@Oatmeal I guess you already solved your issue since 9 months passed but I experienced same issue today and solved it eventually so I want to share it anyway. Instead of using below code
using below code did the trick for me
setFlags(QGraphicsItem::ItemIsMovable | QGraphicsItem::ItemIsMovable | QGraphicsItem.ItemIsFocusable | QGraphicsItem::ItemSendsGeometryChanges);
Yeah i feel like i do sudo apt-get update && upgrade at least once a day. I just checked about SIP and i compiled it from source but i cant remember if i actually used the command make and make install. Does that mean i have to reinstall pyqt5 again? I guess i just open a new thread. Thanks for all the help @SGaist
this is cpp files so you need cpp compiler.
Then you would open the qiron.pro and compile it all.
It would produce some DLLS in the plugin folder.
Those should be copied to the plugin folder in QtCreator.
Note: the source is for older Qt 4.6 so it might have compile
errors u need to fix if using newer Qt.
its a good tool that allows to evaluate queries written in the language of relational algebra and visualize the result of a particular query. i wish to use it in future some time
Sr.Dev @ qwikfix
I've already had a look at the Wt, but personally I think that making and editing the GUI using text editors is way to time taking. In my app there's a lot of indicators and parameters so making and aligning it in Wt will take a week ;)
I think that I'll use GUI forwarding via ssh and maybe in the future there'll be a simpler solution.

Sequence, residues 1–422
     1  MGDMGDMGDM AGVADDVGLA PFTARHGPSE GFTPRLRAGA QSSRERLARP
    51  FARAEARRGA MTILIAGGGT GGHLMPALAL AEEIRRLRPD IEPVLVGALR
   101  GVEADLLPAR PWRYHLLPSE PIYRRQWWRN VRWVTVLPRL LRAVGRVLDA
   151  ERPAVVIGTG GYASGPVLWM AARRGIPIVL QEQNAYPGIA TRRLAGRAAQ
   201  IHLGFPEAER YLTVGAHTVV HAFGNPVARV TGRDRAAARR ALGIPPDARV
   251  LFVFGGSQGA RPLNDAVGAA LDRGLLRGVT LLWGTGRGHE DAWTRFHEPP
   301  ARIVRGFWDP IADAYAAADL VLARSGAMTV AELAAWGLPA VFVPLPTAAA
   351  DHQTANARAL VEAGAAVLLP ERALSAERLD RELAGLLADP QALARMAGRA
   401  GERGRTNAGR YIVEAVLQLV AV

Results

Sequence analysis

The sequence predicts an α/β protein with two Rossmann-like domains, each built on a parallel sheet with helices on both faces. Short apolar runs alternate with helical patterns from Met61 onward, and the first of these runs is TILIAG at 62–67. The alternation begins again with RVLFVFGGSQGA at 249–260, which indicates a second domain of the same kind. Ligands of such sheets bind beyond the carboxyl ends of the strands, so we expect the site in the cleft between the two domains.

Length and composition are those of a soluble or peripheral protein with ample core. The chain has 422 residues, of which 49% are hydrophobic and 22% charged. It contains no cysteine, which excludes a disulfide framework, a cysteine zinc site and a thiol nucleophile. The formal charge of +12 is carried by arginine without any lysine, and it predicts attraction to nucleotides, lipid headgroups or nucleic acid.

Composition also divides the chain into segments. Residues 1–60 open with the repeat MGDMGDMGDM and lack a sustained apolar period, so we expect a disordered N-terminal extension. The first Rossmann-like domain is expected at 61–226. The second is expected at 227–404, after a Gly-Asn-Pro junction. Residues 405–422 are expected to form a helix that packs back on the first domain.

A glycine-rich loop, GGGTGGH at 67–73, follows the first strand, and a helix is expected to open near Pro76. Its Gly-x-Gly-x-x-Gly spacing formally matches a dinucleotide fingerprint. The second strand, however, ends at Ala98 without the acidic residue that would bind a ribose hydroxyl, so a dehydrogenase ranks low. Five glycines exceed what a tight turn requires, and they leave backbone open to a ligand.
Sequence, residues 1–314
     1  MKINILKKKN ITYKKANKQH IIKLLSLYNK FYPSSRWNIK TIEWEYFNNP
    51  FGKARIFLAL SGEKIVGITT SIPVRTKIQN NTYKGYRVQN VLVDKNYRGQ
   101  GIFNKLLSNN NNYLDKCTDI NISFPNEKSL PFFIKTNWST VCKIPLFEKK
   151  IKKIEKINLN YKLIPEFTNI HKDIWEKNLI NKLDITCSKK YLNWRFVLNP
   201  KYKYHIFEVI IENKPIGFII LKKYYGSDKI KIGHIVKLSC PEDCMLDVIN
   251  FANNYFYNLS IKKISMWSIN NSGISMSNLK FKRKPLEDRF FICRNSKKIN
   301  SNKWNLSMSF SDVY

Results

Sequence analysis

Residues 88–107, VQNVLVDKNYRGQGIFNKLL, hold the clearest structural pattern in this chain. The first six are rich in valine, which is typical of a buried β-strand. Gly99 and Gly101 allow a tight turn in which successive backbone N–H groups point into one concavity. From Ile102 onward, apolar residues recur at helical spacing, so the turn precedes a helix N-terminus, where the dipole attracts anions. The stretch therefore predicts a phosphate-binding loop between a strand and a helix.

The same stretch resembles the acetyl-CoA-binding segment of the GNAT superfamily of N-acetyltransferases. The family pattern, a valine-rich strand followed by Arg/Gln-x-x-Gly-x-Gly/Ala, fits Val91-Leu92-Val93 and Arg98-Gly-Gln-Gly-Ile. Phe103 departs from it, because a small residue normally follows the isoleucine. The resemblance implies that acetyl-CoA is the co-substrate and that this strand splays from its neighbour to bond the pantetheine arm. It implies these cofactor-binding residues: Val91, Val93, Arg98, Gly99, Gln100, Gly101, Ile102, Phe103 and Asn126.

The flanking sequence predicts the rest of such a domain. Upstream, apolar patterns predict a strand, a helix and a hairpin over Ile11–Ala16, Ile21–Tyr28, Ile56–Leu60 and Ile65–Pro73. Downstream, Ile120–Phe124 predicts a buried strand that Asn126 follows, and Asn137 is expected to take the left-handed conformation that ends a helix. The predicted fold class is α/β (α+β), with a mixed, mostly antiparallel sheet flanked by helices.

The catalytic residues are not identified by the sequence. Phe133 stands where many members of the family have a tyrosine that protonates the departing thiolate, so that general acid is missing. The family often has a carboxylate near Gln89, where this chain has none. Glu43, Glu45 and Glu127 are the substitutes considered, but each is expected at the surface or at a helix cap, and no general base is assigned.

Inside the QTableWidget, I'm guessing I'll have ~100 of my custom widgets at most.
In other use cases (i.e. not in the QTableWidget, but in static layouts), I've had up to 4000 of these widgets, with a few hundred being active (i.e. actively refreshing their data from the backend) at the same time, without any serious performance issues, so I know it scales relatively well.
Also, to elaborate on the solution I offered above: cloning the custom widget proved difficult, because it has a lot of properties (I simplified the problem, the "custom widget" is actually a family of different widgets to fit different data), and because copying Qt objects is not trivial (see http://doc.qt.io/qt-5/object.html#identity-vs-value).
What I ended up doing was write a ContainerWidget to go along the GridWidget. The ContainerWidget has a layout with no margins and is used to display another widget through a setContainedWidget() method. I also added a cloneAndPassContainedWidget() method that does what you'd expect: it returns a new ContainerWidget and gives it ownership of the contained widget. Obviously, after calling the method the original ContainerWidget becomes useless, but the method is called precisely because the original ContainerWidget is set to be destroyed, so that's not a problem. I can now use my GridWidget to display any kind of widgets, it's pretty neat! (I wrote "widget" too many times!)
I realize the "proper" way would have been to write a model, views, and delegates, but that would have required a lot more work.
I'm not sure why nobody replied before me. Maybe most users here are C++ devs and not too familiar with Python? I found your post because you tagged it with "pyqt" and I have some experience with it, so I thought I'd try helping someone while waiting for a reply to my own problem ;)
Anyway, I'm glad your issue is solved. If you can, mark the topic as solved, by editing the subject of your first post and adding [SOLVED] in front of it!